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Soy May Counter Effects of BPA in Women Undergoing Fertility Treatments

Posted 27 Jan 2016 by Drugs.com

WEDNESDAY, Jan. 27, 2016 – A soy-rich diet may protect women undergoing infertility treatments from the harmful effects of a chemical widely used in food containers, a new study suggests. Bisphenol A (BPA) – which is found in such items as polycarbonate plastic water bottles and can linings – can mimic estrogen, one of the two main sex hormones found in women, and the chemical has been linked to reproductive disorders. More than 96 percent of Americans have BPA in their bodies, according to the U.S. Centers for Disease Control and Prevention. This study included 239 women, aged 18 to 45, who underwent at least one in-vitro fertilization (IVF) cycle between 2007 and 2012. They completed questionnaires about their eating habits (176 consumed soy foods) and their urine was analyzed to measure BPA levels. Among women who did not eat soy foods, those with higher BPA levels had lower rates ... Read more

Related support groups: Female Infertility, Soy, Ovulation Induction, Primary Ovarian Failure, Follicle Stimulation

Soy Supplements Won't Ease Asthma, Study Finds

Posted 26 May 2015 by Drugs.com

TUESDAY, May 26, 2015 – Despite hints from prior research that soy supplements might help asthma patients breathe easier, a major new study finds the nutrient has no beneficial effect on lung function. "This study highlights why it is so important to perform well-designed, placebo-controlled studies when associations are reported between specific nutrients and disease outcomes," study lead author Dr. Lewis Smith, professor of medicine at Northwestern University Feinberg School of Medicine, said in a university news release. The study, published in the May 26 issue of the Journal of the American Medical Association, also highlights the need to focus on overall health – including diet and lifestyle – to manage asthma, rather than on specific approaches such as consuming more soy, he said. "You are what you eat, but that's a whole constellation of foods, not just a single food or a ... Read more

Related support groups: Asthma, Asthma - Maintenance, Asthma - Acute, Soy, Allergic Asthma

Is Soy a Foe to Women With Breast Cancer?

Posted 4 Sep 2014 by Drugs.com

THURSDAY, Sept. 4, 2014 – Soy protein may increase activity in genes linked to breast cancer growth – at least in certain women who already have the disease, a new study suggests. Experts said the findings, reported in the Sept. 4 Journal of the National Cancer Institute, shouldn't scare women off from eating tofu. But to be safe, the researchers suggest women with breast cancer eat soy foods only in moderation and avoid supplements. And for women who don't have breast cancer? "This study doesn't tell us anything about whether soy raises the risk of developing breast cancer," said researcher Dr. Jacqueline Bromberg, a breast cancer specialist at Memorial Sloan Kettering Cancer Center in New York City. The relationship between soy and breast cancer is complicated. On one hand, in countries where soy is a dietary staple – like Japan – women who eat more of it tend to have a lower ... Read more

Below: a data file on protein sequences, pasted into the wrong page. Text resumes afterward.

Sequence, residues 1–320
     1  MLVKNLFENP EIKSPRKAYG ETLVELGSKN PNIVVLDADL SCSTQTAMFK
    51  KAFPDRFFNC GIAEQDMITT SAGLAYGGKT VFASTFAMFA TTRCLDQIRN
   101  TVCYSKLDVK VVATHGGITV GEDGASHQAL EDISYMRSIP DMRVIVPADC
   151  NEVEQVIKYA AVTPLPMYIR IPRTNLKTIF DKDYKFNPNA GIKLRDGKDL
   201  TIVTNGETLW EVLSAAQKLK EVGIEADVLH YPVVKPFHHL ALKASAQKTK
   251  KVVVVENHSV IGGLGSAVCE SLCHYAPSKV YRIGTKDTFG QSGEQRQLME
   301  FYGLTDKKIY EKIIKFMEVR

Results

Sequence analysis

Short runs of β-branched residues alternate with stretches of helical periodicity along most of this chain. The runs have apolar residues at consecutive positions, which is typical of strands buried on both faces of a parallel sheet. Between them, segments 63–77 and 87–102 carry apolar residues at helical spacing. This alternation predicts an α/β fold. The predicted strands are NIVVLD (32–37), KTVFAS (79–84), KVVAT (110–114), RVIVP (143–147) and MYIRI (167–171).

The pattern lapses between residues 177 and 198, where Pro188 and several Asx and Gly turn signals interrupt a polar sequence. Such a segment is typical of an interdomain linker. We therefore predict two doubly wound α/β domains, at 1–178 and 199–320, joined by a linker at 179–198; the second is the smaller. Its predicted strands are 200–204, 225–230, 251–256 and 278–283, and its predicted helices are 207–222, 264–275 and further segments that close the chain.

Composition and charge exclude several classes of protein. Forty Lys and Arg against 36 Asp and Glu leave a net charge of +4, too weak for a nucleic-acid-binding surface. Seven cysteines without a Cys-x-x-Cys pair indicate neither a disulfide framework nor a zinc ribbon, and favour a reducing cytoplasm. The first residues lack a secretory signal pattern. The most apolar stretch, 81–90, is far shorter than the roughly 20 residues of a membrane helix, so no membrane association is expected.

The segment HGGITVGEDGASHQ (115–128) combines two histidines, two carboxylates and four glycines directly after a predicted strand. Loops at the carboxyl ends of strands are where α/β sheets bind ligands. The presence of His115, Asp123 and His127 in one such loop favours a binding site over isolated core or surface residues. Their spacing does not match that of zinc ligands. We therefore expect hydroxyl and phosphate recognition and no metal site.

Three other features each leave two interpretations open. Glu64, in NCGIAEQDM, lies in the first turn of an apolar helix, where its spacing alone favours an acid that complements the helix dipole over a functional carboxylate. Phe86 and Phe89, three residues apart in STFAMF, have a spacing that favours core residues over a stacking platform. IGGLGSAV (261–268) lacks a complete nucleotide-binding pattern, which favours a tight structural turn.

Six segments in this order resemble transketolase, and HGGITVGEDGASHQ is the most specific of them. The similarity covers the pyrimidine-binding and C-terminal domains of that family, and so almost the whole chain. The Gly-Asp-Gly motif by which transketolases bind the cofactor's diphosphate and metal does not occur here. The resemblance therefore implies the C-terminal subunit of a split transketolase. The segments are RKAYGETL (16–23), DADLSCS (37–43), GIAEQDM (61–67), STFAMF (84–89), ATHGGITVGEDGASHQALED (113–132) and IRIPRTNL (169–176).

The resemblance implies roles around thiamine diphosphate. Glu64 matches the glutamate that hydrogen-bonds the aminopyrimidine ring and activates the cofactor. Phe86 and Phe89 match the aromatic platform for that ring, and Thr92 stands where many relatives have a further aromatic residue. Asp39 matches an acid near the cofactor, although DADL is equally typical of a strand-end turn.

Related support groups: Breast Cancer, Soy

Soy Supplements May Not Shield Against Breast Cancer

Posted 3 Feb 2012 by Drugs.com

FRIDAY, Feb. 3 – Soy supplements do not protect women against breast cancer, a new study suggests. The findings are consistent with the results of previous studies that examined the cancer prevention benefits of the dietary supplements, said lead researcher Dr. Seema Khan, a professor of surgery at the Robert H. Lurie Comprehensive Cancer Center of Northwestern University. The study included 98 women who were randomly assigned to receive a mixed soy isoflavones supplement or placebo. Isoflavones are components of soy foods thought to have anti-estrogen activity (estrogen is "fuel" for many breast cancers). After six months, the researchers examined levels of Ki-67 – a protein marker of cancer cell growth – in certain breast cancer cells taken from the women. Overall, there were no differences in Ki-67 levels between women who took the soy supplement and those who took the placebo. ... Read more

Related support groups: Breast Cancer, Soy, Breast Cancer, Prevention

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